Each bite from a cottonmouth snake contains approximately 125mg of venom – which is a high venom yield. However, in some cases, this figure can rise to 237mg. Despite cottonmouth bites rarely being fatal, a lethal dose of their venom is in the region of 100 to 150mg.

What Should You Do if You are Bitten by a Cottonmouth?

Most snake bites happen when the snake is accidentally stood on or is taken by surprise. Although cottonmouths are not the most dangerous snake in South Carolina (this title goes to the related copperhead), bites do still happen. In fact, as cottonmouths spend such a lot of time in the water, bites from these snakes don’t just happen on land – meaning you need to be extra vigilant where ever you are.

Most cottonmouths will try to escape if they are disturbed, and usually, they will try to head back into the water. Therefore, it’s important to never get between a cottonmouth and water, but if you do, then you should back away calmly. Don’t attempt to run, as this is more likely to provoke the snake instead. If they can’t immediately flee from danger, then cottonmouths will attempt to defend themselves – or at least try to ward off the potential threat. They do this by moving into a defensive position with their body coiled and their mouth gaping open. This is the position that we mentioned earlier when we talked about them exposing the white inner of their mouth.

If you are bitten by a cottonmouth, then the most important thing is to act quickly and get medical help immediately. Even if you think that the bite is not serious, you should get it checked out, as anti-venom will need to be administered, or it can quickly become more serious.

Other Venomous Snakes in South Carolina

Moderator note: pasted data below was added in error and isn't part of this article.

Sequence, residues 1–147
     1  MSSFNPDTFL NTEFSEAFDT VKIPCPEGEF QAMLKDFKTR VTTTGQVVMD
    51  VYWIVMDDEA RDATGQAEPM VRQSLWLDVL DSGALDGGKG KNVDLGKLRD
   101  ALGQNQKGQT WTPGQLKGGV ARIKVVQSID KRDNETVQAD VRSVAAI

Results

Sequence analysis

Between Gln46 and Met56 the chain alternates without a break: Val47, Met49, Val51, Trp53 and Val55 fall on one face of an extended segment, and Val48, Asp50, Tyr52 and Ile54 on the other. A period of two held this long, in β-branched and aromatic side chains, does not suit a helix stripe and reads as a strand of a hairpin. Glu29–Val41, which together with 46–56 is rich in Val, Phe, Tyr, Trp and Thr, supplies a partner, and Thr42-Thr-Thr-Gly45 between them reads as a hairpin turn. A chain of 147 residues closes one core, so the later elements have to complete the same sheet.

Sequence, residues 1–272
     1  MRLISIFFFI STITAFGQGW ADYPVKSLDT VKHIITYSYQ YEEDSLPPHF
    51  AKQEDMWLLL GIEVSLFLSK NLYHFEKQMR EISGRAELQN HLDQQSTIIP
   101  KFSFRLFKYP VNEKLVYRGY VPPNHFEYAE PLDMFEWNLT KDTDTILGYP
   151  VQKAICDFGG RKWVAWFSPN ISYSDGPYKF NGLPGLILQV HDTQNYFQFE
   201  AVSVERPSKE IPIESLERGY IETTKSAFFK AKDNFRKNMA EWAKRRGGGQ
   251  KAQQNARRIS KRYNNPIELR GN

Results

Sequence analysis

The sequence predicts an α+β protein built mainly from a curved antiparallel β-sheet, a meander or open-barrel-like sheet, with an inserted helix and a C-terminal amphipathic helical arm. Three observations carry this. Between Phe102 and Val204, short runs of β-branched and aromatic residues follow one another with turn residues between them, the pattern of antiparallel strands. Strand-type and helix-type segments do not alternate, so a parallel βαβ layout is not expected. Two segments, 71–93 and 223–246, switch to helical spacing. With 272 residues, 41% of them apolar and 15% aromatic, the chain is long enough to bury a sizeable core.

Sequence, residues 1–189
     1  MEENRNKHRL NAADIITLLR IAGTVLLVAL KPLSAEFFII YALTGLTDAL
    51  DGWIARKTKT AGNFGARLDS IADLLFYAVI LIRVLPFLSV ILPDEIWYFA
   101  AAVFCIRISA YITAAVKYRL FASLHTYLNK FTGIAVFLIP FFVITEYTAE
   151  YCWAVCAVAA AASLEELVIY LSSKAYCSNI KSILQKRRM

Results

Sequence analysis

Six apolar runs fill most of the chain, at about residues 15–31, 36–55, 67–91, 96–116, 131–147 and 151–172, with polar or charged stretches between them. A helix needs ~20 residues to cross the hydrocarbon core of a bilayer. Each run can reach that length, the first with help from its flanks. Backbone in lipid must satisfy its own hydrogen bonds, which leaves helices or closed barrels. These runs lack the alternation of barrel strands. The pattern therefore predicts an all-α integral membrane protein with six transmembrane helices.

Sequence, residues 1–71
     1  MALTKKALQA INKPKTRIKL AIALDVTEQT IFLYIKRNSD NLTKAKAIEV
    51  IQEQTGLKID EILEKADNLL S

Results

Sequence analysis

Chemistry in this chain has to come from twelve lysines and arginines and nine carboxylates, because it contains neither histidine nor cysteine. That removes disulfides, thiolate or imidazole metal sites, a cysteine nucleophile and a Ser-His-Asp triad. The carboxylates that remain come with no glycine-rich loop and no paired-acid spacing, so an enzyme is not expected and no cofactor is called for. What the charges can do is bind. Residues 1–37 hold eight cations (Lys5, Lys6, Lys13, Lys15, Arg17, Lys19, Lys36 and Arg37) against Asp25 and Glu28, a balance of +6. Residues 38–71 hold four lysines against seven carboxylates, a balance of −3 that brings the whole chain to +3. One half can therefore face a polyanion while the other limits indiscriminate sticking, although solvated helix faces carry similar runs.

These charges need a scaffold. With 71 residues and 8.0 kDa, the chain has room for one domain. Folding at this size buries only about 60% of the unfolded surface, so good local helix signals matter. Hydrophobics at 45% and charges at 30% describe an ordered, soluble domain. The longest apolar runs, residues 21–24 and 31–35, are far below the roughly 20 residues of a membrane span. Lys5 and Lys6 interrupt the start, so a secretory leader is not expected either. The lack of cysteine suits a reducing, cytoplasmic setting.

There are five other venomous snakes in South Carolina that present varying degrees of danger. Therefore, we thought we’d give you a quick rundown of these snakes too.

Copperhead

The Copperhead’s scales are keeled, and their eyes have vertical pupils that make them resemble cat’s eyes.
Copperhead is the most common venomous snake in South Carolina.

©Creeping Things/Shutterstock.com

The copperhead is closely related to the cottonmouth and is the most common venomous snake in the state. They occur in a variety of habitats across the three distinct regions of the state. Copperheads are usually 20 to 37 inches long and are pinkish-tan with dark brown crossbands.

Coral Snake

Eastern Coral Snake
Coral snakes are secretive.

©iStock.com/JasonOndreicka

The coral snake has a highly distinctive appearance with its bands of red, yellow, and black. They are fairly small at 20 to 30 inches long and are secretive, which means they are rarely seen. However, they are fairly widespread across the state and live in most habitats.

Eastern Diamondback Rattlesnake

Large eastern diamondback rattlesnake
Eastern diamondback rattlesnakes’ pattern often fades towards their tail.

©Chase D’animulls/Shutterstock.com

The largest venomous snake in South Carolina is the eastern diamondback rattlesnake which is 33 to 72 inches long. These snakes are brown with dark brown or black diamond-shaped markings. They live in pine flatwoods, hills, and grasslands across the lower regions of the state.

Timber Rattlesnake

A Timber Rattlesnake striking prey
Timber rattlesnakes strike quickly.

©Joe McDonald/Shutterstock.com

The timber rattlesnake is another large rattlesnake at 36 to 60 inches long. Timber rattlesnakes are brown with black or dark brown crossband markings. They are widespread across the state and prefer forests and rocky outcrops.

Pygmy Rattlesnake

The pygmy rattlesnake is the least dangerous.

©Gerald A. DeBoer/Shutterstock.com

The final venomous snake is the pygmy rattlesnake which is also the least dangerous. These snakes are small – reaching only around 15 to 25 inches long. Therefore, they don’t produce enough venom to be a serious threat to healthy adults. They are usually grey with dark brown or black blotches on their bodies and often a red stripe too. Pygmy rattlesnakes live everywhere in South Carolina except the mountains.

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The Featured Image

Northern cottonmouth
A northern cottonmouth sunning on a sandy path near the saltwater marsh on the Tolomato River.
© Linda Burek/Shutterstock.com

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About the Author

I have been writing professionally for several years with a focus on animals and wildlife. I love spending time in the outdoors and when not writing I can be found on the farm surrounded by horses, dogs, sheep, and pigs.

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Sources